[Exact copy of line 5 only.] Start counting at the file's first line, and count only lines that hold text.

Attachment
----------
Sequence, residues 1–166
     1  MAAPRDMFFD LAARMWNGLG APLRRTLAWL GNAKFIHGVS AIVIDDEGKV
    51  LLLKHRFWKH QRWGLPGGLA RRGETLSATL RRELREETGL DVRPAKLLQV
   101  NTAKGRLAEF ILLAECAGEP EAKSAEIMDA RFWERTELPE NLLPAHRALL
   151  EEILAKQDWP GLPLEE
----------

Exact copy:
   151  EEILAKQDWP GLPLEE